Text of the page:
The Hang of the Gaol, Brockley Jack 1 October

**

This is a play written by Howard Barker.  It was first performed in 1978 when there was, strangely enough, a Labour Government.  I think it is meant to tell us that England is an old bitch gone in the teeth.

The ingenuous young bureaucrat Ponting, having got a little excited at the thought of going some questioning, says Disorientate them at the beginning and they’ll soon be squirming, and that recipe worked on me.

At the start of the play, four characters came on stage to react to Middenhurst Gaol burning down and I had no idea what they were saying!. After a while, it became clear that this was not a naturalistic rendition of what these people might say in these circumstances, but rather something self-consciously poetic.  And I found I could follow Senior Officer Udy (Mark Lisseman) and sometimes Jane Cooper the Governor’s wife (Maggi-Anne Lowe), but I had no idea what Chief Officer Whip (Matthew Forsythe) was saying in his Ulster accent, and even less as regards Governor Cooper (Adam Lewis).

As things went on, I could more or less follow what people were saying, and they seemed just to be belabouring the old bitch point at great length.  Once I realised that Jardine (Alan Thorpe) was meant to be  talking with an Australian accent, that made him easier to follow.  Then I had some difficulty in following Turk (Matthew Eaton), but he was meant to be incoherent at least sometimes.

The audience of about 20 or 25 souls certainly enjoyed the rough humour, particularly the camp interplay 0f the Fire Inspectors Bloon (Darren Benedict) and Dockerill (Sam Raffal).  These two were also perfect in their lines, and so was Anne-Marie Hughes, who inhabited her character as put upon 2 i/c and sex object to the disinhibited Jardine most convincingly.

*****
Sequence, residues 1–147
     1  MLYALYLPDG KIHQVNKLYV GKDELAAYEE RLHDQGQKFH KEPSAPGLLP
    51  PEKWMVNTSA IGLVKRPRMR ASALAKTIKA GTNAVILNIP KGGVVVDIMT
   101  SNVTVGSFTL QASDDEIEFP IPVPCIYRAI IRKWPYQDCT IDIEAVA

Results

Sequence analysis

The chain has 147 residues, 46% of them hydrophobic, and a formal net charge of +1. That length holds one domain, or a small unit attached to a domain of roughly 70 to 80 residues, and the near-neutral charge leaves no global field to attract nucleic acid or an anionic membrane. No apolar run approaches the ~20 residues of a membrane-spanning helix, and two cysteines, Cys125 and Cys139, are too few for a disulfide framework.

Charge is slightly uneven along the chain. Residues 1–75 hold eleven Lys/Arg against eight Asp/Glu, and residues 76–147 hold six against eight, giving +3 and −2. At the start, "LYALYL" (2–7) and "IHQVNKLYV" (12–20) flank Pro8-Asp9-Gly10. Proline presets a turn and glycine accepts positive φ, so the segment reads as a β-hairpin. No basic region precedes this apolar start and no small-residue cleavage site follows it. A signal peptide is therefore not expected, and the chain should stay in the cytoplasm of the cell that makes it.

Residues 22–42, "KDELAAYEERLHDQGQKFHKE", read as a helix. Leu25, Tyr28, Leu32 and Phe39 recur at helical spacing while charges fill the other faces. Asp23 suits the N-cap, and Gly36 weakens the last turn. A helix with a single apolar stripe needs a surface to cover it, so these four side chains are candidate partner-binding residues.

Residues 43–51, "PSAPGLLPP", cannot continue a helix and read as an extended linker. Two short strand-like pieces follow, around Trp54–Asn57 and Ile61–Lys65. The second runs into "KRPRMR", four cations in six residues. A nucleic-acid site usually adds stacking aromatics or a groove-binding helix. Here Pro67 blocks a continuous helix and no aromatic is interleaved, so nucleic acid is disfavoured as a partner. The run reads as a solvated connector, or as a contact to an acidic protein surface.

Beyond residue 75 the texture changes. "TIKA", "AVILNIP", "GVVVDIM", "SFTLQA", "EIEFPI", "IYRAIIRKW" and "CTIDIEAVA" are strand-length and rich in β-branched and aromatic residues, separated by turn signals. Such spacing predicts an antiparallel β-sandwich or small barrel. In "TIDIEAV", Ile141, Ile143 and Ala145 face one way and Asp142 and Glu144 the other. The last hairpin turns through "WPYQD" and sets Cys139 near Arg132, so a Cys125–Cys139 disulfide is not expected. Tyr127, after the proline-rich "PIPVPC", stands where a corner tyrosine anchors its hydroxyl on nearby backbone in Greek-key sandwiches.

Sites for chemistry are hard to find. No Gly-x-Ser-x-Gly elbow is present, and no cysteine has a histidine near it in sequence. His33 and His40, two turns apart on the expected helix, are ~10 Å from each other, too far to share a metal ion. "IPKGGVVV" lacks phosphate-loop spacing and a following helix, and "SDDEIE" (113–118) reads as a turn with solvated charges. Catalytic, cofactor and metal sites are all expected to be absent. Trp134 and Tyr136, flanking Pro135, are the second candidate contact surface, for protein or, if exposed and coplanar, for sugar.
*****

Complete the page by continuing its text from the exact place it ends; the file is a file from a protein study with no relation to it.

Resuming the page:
The staging was I thought clear and effective–I was a bit worried by the heap of wood in the middle of the stage, but the action choreographed itself around it smoothly enough.  There was one moment at the end of the penultimate scene where Ponting announced that he had returned to civilisation from the moors to be dangerous, whereupon the scene abruptly ended–surely a second or two of reaction or indifference would have been better?

By contrast, there was also a lovely scene between the indomitably excellent Matheson of Anne-Marie Hughes and the effective if not always word-perfect Lady Cooper of Maggi-Anne Lowe that effortlessly took in sex, colonialism, sex, the class system, politics and more sex…’Effective but not always word-perfect’ also covers Julian Bird as Home Secretary Stagg, who was a commanding presence but had some difficulties with what he was meant to be saying–but hard to blame him in the case of

Mac manufacturers have to make do with ‘Esquire’

I think.

Update:  There’s a ticket offer for this show on offwestend.com.

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3 Responses to “The Hang of the Gaol, Brockley Jack 1 October”

  1. Anon Says:

    Are you sure Jardine was supposed to be Australian?

    • notesofanidealist Says:

      I believe I heard a reference to that effect. That belief made it easier for me to understand what the actor was saying.

  2. Matthew James Havers Says:

    What a load of rubbish. How can you claim to not understand a play and then comment on the actors being word perfect??
    You show no knowledge of theatre practises with regards dramatic effects such as the cut off after Pontings re-entrance. And if you do have knowledge then i would reccommend re-training.
    Whip is a manic sadist! And Matthew Forsythe portrays this briliantly, yet you condem him because he’s irish and feel the audience should be spoon fed.
    I really suggest you google ‘Howard Barker’ and ‘Theatre Of Castastrophe’ before unwisely and publicly commenting on it.

    I am a huge Howard Barker fan and was very excited to go see this show as i was fortunate (and sadly old enough) to see the RSC version. I believe Jardine was Scottish originally, but his change of history bares no hinderance to his character so i very much doubt you would have followed Fulton McKay (the original Jardine) any more, in fact less no doubt. There two show are completely different in their approach, but both worthy contenders for Barkers approval in my opinion.

    In googling the show to get tickets, i saw they had earned a 5star review, which was very nice for them, and then noticed this ‘review’ also. Not normally one to disparage peoples opinions, this is on a public forum and i feel it an unneccessary rambling against a play. So after much help from my son have added my view aswell, which is only fair.

    A great production in my eyes, is it worth 5 stars? possibly more of a 3/4 given its nature. But definitely nothing less, and definitely worth its ticket price considering the drivel on the West End these days.

    Thank you for reading,

    Matthew Havers

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